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The changing face of guilt marketing

Samar Kagalwalla, Head of Marketing and Growth, Onsurity, writes about the changing face of Guilt Marketing and how strategies can be made which appeal to the rational nature of humans

Samar Kagalwalla

Appealing to one’s guilt to generate a strong emotional response is a tried-and-tested tactic used by marketers to much effectiveness. Reminding people of their misses, things that have been neglected often, are used as triggers to evoke an immediate response to powerful advertisements, sometimes to sell products or services or to change overall consumer behaviour in a particular direction. The most relevant examples of this would be advertisements against smoking, gifting for loved ones, fitness products, investing and insurance etc.

Guilt Marketing - does it really work?

Guilt marketing - as it is called, has gained traction among marketing strategists. However, the face of guilt marketing is changing now. Consumers are more opinionated and well-informed than ever before, and they can see through a brand’s appeal. Presented poorly, guilt marketing can backfire and put the entire brand in jeopardy in the court of public opinion. For instance, the deliberate ads by a reputed EdTech company telling consumers about how young kids must be taught coding, or else they will miss out on the great tech opportunity in future, was held against the brand by viewers. It is not uncommon for social media to burst out in protest against well-thought-yet-poorly-narrated advertisements, playing with the guilt consciousness of consumers.

Who is it targeted at?

For guilt to work as a marketing tool, it needs a basis in reality, to tap into a subtle emotion that actually exists in the subconscious of a consumer. Guilt only works when it can be relieved, preferably easily. Evidently, it would work for middle- and high-income groups who has the means to satisfy their guilt consciousness by donating/purchasing/contributing for a cause-oriented service/product. Some studies have found the impact to be exactly contrary in lower income groups though. According to a study by Linda Brenan, Faculty of Business and Enterprise, Swinburne University of Technology in Australia, negative appeals with this group of people are more likely to invoke self-protection and inaction rather than an active response such as volunteering to comply. In all effectiveness, guilt marketing could only work for people with the means to do something about it.

The changing face

The scope of guilt marketing is somewhat limited in the case of products. It is possible to entice a consumer into gifting or purchasing appearance-related products or certain FMCG products, but the applicability of this form of marketing is much higher for products and services related to healthcare and healthy living, insurance and NGOs, causes etc. A cancer-related campaign could be a great example of changing overall attitude towards survivors, by inducing the guilt of not being kind enough, among the audience. Aligned with industry benchmarks, brands are working towards building deeper narratives before using guilt, shame or fear in their strategies. The right kind of marketing is when you succeed in attaching an emotion directly to your product. ‘Mutual Fund Sahi Hai’ was such a campaign which succeeded in making millennials take investing seriously. Taking cues from such highly appraised and successful campaigns, marketers can now derive strategies to effectively use guilt in order to change mass behaviour in a desired direction.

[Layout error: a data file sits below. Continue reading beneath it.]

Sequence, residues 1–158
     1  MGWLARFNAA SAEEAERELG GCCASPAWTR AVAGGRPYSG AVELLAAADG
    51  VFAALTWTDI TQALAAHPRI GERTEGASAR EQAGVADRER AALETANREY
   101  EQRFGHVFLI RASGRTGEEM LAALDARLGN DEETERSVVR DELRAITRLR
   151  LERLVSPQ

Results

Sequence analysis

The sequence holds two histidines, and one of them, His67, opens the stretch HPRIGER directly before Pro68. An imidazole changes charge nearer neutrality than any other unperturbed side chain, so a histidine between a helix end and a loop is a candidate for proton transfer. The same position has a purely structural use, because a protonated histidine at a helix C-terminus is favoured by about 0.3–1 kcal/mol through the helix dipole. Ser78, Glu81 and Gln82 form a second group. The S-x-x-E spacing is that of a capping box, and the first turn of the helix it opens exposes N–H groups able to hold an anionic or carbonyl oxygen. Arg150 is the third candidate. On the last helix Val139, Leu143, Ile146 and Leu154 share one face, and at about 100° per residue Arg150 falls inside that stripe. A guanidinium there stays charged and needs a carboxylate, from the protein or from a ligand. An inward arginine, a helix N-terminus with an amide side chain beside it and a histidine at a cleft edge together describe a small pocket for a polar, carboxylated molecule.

It will be wrong to assume that guilt marketing only leads to negative messaging. In fact, a well-placed advertisement can address the guilt directly with the product in question, instead of harping on the guilty part. Designed well, and articulated with utmost care, guilt strategies can appeal to the rational nature of humans. It can help the audience relate to a product’s practical dimensions, which not only comes as a pleasant surprise, but also promises to justify the purchase to others around them.

(Disclaimer: The opinions expressed in this article are those of the author. The facts and opinions appearing in the article do not reflect the views of and we do not assume any responsibility or liability for the same.)

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